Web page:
Mullah Khan Muhammad Noorzai, an ex-Taliban spoke to The Daily Beast and said that the ISIS camp was attacked by the Taliban which lead to the death of innocent followers. In a phone interview, he said, “Most of those killed were our friends and colleagues.” Despite an agreement that the Taliban and ISIS would not attack each other, Taliban broke the agreement and attacked ISIS.

Noorzai said, “A Muslim won’t break a commitment, the Taliban are not true Muslims, and not mujahedeen (holy warriors) either. Now our jihad against the ignorant so-called Taliban will go on forever.”

According to Noorzai, the Taliban are fighting in the name of Islam but are funded by Iranians and United States. He said, “The Taliban shadow governor for Farah, through the mediation of Mullah Baz Muhammad, a local elder, swore an oath by Allah and the Quran that they would not attack ISIS, but they did.” He added that Iran played a key role in this.

ISIS attacks on Afghanistan

The Taliban and ISIS announced War on one another in April after the Taliban labelled ISIS self-declared caliphate and unlawful.

The first major ISIS attack was a suicide bombing in Afghanistan that killed at least 35 people dead and 100 people were wounded. The bombing happened outside of a bank branch in the Jalalabad city which is Afghanistan’s eastern Nangarhar province.


A spokesperson for a provincial governor, Ahmad Zia Abdulzai, described the attack and claimed that a suicide bomber on a motorcycle detonated a vest rigged with explosives in front of the state-run New Kabul Bank. Borhan Osman, who is an analyst with Afghanistan Analysts Network, tracked the emergence of ISIS in Afghanistan, “[Isis] has not built a solid, actual political presence in Afghanistan so far,” Osman said, “but if the Taliban quasi-monopoly is broken, that will help [it] to build networks and their brand.”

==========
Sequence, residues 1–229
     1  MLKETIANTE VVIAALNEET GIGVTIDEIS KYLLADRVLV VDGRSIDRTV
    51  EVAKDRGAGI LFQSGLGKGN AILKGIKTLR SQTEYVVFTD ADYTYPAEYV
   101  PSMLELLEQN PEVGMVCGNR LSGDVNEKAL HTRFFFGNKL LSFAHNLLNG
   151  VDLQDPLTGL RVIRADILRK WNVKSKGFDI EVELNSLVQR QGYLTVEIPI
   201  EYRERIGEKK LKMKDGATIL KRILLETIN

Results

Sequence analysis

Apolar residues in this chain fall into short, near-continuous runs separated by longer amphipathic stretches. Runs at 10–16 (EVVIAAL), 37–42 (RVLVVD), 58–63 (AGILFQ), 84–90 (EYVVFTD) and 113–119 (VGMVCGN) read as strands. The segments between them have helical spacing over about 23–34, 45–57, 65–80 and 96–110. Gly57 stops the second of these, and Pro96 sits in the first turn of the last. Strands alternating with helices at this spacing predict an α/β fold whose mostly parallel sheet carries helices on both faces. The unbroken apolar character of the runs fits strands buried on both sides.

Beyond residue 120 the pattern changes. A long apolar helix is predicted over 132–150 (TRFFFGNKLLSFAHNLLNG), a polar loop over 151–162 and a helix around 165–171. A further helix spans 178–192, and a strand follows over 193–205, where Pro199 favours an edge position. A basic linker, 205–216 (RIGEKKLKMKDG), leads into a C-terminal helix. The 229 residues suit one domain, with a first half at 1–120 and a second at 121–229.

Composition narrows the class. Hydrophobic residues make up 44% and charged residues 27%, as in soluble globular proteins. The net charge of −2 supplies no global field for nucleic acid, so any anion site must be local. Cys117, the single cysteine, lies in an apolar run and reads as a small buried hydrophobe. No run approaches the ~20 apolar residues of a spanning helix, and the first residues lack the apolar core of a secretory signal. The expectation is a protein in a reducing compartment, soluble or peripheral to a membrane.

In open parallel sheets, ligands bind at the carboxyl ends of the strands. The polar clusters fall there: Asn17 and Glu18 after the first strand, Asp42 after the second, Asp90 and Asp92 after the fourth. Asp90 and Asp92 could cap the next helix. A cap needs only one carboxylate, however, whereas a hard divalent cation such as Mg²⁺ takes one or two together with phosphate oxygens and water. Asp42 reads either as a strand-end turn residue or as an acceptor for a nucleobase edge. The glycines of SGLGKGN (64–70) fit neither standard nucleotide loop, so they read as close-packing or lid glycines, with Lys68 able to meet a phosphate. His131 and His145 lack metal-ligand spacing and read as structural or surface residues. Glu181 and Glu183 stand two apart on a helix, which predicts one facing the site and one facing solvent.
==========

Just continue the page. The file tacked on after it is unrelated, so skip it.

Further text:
The president of Afghanistan, Ashraf Ghani said, “Who claimed responsibility for the horrific attack in Nangrahar today? The Taliban did not claim responsibility for the attack.” during his visit to northeastern province of Badakhshan

There have been several attacks since ISIS have entered Afghanistan. Most recently, at least 10 Taliban members were beheaded by ISIS. The attack happened in the eastern province of Nangrahar after ISIS jihadis stopped Taliban fighters from fleeing a gun battle with the government troops.

Ashraf Ghani talking about ISIS 

The Buddha Statues have returned

The Buddha statues that were destroyed by the Taliban in Afghanistan have returned in the form of 3-D light projections.